why does hinduism have so many gods
Most Hindus believe in one, all-pervasive Divine Reality, that is formless (Brahman) or manifests and is worshiped in different forms (Ishvara or God/Goddess). PThis belief in the existence of one Divine Reality with diverse manifestations can best be described as monism. PHindu monism is the foundation for understandings of God that range from non-dualistic that existence and the Divine are not separate, but one and the same, to dualistic that existence and the Divine, while sharing divine qualities, are separate. Hinduism also encompasses theologies of pantheism, that all of existence is Divine, to panentheistism, that all of existence is within the Divine, to a theology of the Divine being external to all of existence. The Sanskrit hymn, Rig Veda I. 164. 46:
Ekam sat vipraha bahudha vadanti Truth is one, the wise call it by many names. And just as Hindus believe that Truth is one, called by many names, so too is God called by many names. Because Hinduism teaches that all of nature is Divine, Hindus believe that God manifests in the various forms that are found in nature, including animals, rivers, mountains, and earth.
PFor example, Ganesha, the Remover of Obstacles, is depicted with an elephant head, which symbolizes wisdom, as elephants are recognized to be among the wisest of animals. Hanuman, worshiped as the perfect devotee and depicted as a monkey, symbolizes the individual s ability to quiet the ever-racing human mind through loving devotion to God and selfless service. Thank you, Padma Kuppa, for answering this weeks question! To learn more about Padma, From the God is one. There is only one Real and True God who does not have any form or a name. It can neither be described, thought of or conceived through human faculties. But since we are so many, each one of us conceives God according to our attitude, view points and state of life -- just as a woman can be looked upon differently by different people: mother, by her children; wife, by her husband; sister, by her sisters; daughter, by her parents; granddaughter, by her grandparents; sister-in-law, by her husband s brother, etc.
The woman is one and the same, but she is viewed differently by each one of her relatives. Similarly, we look upon the same God in many ways. What we worship as so many gods are actually various powers or functions of this one God. Various gods are simply partial manifestations of the Supreme God like several limbs of a tree. Human beings have created these gods according to their understanding, needs, superstition, belief or vested interest. In our limited awareness, it is nearly impossible to associate ourselves and others without a form or a name. Even God needs to be conceived with a form and a name during an early stage of spirituality. For example, the three types of power of one God are known as Brahma, the creator who represents the creative, motherly power of God; Vishnu, who represents the sustaining or nurturing power of God; and Shiva, who represents the devouring power of God. In reality, these are not independent gods. But we children look upon each one as our Supreme God.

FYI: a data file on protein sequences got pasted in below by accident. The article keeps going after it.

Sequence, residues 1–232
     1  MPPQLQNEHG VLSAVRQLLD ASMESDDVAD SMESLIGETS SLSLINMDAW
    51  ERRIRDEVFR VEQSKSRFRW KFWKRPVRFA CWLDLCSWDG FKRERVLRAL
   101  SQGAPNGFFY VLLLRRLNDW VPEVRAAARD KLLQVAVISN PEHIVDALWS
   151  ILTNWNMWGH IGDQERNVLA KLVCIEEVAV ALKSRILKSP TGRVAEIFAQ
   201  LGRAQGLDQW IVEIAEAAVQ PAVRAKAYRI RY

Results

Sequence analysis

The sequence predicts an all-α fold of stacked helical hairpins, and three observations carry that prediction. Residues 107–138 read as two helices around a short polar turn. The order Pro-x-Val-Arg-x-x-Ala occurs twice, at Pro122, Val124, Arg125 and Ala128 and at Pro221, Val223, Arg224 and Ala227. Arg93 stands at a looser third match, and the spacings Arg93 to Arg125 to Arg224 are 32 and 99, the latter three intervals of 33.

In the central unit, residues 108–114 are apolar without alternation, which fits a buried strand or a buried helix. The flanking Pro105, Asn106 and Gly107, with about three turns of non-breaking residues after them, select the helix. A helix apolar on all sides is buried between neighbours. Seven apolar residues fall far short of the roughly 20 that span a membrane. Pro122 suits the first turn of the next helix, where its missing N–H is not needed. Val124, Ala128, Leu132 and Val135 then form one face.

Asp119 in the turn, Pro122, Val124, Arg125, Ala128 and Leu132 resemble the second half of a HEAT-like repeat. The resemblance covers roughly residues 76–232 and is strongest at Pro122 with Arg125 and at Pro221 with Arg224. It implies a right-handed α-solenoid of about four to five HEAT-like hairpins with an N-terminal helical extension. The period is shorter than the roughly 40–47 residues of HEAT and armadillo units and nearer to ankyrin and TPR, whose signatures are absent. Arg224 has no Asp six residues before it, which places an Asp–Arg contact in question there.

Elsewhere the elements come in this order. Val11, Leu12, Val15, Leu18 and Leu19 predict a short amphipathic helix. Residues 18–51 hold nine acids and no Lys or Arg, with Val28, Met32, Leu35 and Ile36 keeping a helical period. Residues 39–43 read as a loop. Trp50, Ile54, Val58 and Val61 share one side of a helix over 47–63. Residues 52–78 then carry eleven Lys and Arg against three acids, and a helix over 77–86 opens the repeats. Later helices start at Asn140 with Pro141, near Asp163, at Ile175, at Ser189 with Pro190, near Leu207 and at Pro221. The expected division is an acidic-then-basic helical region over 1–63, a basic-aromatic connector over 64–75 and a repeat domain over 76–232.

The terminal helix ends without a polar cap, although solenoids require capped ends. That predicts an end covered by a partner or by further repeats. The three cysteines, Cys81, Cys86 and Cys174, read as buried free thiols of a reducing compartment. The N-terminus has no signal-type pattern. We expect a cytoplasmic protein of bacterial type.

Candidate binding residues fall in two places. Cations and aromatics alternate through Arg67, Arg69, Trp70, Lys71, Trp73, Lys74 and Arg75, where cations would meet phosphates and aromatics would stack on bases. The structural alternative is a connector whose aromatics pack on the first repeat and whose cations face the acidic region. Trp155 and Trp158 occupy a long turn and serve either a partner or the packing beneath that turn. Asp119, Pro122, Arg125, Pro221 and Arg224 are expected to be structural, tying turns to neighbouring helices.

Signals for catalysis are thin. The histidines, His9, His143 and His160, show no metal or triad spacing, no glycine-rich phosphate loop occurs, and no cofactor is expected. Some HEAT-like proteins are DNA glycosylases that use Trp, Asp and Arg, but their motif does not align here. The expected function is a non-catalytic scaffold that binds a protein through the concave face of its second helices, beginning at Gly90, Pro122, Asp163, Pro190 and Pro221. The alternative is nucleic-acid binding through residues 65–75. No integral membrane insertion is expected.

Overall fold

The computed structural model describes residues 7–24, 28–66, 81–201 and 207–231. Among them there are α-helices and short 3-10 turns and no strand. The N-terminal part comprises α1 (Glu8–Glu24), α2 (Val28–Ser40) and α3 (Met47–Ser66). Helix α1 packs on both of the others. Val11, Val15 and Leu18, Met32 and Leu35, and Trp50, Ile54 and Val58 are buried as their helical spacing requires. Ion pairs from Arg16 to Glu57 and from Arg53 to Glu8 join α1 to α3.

As we progress, some of these limitations will fade away and we will start realizing that actually we are all part of That God. In Reality, everything is That God. Period. Really speaking there are as many Gods and Goddesses as there are human beings, as each one us is manifestation of God. Always remember that there is only one Supreme God from which every thing has come. When you really grow up in spirituality, you will realize there is only one God for the entire universe which includes much more than our little earthly people -- Hindus, Muslims, Buddhists, Jains, Zoroastrians, Christians, Confusions, Taos, Sikhs or even those who may not care to believe in God. God does not depend upon our beliefs or acceptance. He/She merely exists whether we accept Him/Her or not. God, known as Brahman, is neither male nor female, but can be worshipped as mother or father as per our feelings or likings. In reality, God has no name or form. Shri Krishna is considered the perfect manifestation of Brahman by Hindus, so worship Him if you wish.
The Shreemad Bhagavad Gita contains the advice Shree Krishna gave to His dear devotee Arjuna, who represents an aspirant like all of us. The Gita is one book that is considered Supreme in Hinduism. Knowing, understanding and practicing this book of 700 couplets will provide you with everything you will ever need to know to guide your entire earthly life. Those who profess to expand on the message in Gita may be called Gurus or teachers. In reality, only those who have seen God are true Gurus. They are rare indeed. Many people are self styled gurus, and usually propagate themselves and their cult, rather than God. Therefore, you should be very careful not to be trapped in gimmicks, magics, easy ways to see God, false promises in the name of meditations, yogas, etc. of such fake gurus. Learning, understanding and practicing Gita is an essential aspect of a true Hindu. However, teachings of the Gita are not only for Hindus; they are universal and applicable to all people, at all times and at all places. -- Swami Radhanandaji
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